Upon this signal the male will embrace the female, turning her first on her side and finally on her back. At this point, the female will release approximately five dozen clear eggs which are immediately fertilized by the male. Most of the eggs will float up into the bubble nest. Eggs that stray are collected by the male and placed in the nest. Once all the eggs are secured in the nest, the pair will spawn again.

If more than one female is present in the breeding tank, the male may spawn with all of them. The spawning sessions will continue for two to four hours and produce between 300 and 800 eggs. Upon completion, the male will place a fine layer of bubbles beneath the eggs, assuring that they remain in the bubble nest. At this point, the female(s) should be removed from the tank.

The male will then take sole responsibility for the eggs, aggressively defending the nest and surrounding territory. In 12 to 24 hours the fry will hatch and continue developing within the protection of the bubble nest. After three days they are sufficiently developed to be free swimming.

Remove the male from the tank once the fry has left the bubble nest or he may consume the young. Feed fry micro-food such as infusoria, rotifers, or commercial fry food for the first week. Then they can be fed freshly hatched brine shrimp and finely ground dry foods.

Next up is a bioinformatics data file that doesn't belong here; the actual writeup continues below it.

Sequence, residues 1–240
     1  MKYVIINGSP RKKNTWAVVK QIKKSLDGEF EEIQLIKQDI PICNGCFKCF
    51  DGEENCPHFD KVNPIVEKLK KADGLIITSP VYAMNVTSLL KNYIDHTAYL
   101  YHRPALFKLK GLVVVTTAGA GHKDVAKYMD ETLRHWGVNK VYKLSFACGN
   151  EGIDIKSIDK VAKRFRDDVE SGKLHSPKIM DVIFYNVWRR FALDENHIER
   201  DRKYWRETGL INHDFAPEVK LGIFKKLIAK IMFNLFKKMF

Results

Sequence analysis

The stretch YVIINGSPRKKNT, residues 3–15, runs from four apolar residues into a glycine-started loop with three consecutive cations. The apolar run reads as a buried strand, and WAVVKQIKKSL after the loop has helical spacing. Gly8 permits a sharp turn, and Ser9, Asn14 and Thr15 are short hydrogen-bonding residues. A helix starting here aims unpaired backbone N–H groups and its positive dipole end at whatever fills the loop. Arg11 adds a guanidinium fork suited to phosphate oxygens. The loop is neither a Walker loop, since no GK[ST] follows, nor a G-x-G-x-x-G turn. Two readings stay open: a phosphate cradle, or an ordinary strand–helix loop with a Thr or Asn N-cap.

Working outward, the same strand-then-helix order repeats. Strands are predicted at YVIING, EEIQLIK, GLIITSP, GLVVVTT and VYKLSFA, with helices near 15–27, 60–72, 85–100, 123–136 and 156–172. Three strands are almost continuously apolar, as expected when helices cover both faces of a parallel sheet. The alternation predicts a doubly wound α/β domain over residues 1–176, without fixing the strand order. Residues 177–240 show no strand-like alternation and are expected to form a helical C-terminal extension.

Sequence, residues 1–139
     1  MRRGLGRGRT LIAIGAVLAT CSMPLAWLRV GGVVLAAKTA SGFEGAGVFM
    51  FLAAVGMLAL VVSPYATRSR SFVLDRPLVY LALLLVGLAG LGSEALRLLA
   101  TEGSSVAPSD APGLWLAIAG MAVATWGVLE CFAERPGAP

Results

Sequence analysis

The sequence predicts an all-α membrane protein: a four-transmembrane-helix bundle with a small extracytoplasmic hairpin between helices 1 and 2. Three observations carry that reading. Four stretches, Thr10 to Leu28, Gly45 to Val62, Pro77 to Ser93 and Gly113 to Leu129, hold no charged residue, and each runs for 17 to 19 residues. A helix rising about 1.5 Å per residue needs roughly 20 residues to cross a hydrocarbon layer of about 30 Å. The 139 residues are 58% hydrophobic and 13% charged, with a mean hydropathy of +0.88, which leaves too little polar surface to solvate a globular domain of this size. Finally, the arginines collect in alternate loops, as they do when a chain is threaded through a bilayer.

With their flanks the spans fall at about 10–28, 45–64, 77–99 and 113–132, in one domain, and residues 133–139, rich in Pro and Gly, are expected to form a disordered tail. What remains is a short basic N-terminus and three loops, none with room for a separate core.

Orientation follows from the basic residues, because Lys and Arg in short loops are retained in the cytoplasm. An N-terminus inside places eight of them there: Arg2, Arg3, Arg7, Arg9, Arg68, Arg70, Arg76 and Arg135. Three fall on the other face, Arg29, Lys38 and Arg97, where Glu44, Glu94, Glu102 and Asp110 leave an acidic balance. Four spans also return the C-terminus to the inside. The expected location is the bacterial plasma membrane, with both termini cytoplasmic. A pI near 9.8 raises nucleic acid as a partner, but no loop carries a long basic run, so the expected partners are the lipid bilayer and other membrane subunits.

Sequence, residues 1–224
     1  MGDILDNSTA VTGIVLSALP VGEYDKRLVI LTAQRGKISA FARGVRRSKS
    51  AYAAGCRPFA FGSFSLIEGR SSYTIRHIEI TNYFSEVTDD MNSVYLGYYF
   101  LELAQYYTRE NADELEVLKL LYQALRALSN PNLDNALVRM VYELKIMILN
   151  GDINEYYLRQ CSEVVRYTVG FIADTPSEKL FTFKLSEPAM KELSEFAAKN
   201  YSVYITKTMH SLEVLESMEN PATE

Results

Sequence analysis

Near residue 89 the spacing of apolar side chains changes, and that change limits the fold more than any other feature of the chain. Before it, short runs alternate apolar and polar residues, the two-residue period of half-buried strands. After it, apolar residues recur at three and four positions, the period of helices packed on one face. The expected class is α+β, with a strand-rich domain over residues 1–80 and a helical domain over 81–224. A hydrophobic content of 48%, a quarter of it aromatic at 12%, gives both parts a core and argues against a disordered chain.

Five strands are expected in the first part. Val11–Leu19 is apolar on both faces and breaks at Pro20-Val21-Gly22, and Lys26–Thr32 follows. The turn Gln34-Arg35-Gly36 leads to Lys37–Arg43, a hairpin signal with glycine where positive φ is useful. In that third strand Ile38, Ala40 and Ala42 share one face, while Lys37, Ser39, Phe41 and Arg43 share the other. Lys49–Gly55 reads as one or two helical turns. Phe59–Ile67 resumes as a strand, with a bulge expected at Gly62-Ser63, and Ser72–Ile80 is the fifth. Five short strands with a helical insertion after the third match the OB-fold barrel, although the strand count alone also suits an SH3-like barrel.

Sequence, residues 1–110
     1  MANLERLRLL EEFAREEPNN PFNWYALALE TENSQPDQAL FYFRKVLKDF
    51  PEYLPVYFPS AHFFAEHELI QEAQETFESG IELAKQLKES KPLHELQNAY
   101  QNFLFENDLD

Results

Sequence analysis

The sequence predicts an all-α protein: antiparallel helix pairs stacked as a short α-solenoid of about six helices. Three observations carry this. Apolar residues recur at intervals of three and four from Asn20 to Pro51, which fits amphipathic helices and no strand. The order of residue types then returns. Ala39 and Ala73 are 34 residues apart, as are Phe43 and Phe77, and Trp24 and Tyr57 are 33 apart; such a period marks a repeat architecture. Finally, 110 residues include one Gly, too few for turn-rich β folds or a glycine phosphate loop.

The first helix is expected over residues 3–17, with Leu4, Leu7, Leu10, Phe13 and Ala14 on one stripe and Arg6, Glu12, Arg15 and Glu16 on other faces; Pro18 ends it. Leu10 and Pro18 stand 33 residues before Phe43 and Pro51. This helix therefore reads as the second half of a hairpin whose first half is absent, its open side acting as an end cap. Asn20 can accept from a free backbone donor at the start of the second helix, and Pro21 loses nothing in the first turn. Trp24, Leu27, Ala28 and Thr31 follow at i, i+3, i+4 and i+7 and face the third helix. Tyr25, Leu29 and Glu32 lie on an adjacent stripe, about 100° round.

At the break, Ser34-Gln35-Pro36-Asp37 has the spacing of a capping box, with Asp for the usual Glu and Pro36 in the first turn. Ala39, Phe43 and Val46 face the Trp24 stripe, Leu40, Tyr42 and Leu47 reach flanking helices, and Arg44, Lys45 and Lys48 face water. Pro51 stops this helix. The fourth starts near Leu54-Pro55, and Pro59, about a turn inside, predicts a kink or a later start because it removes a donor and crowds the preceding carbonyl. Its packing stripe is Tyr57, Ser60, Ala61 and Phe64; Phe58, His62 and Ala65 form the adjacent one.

By Shirlie Sharpe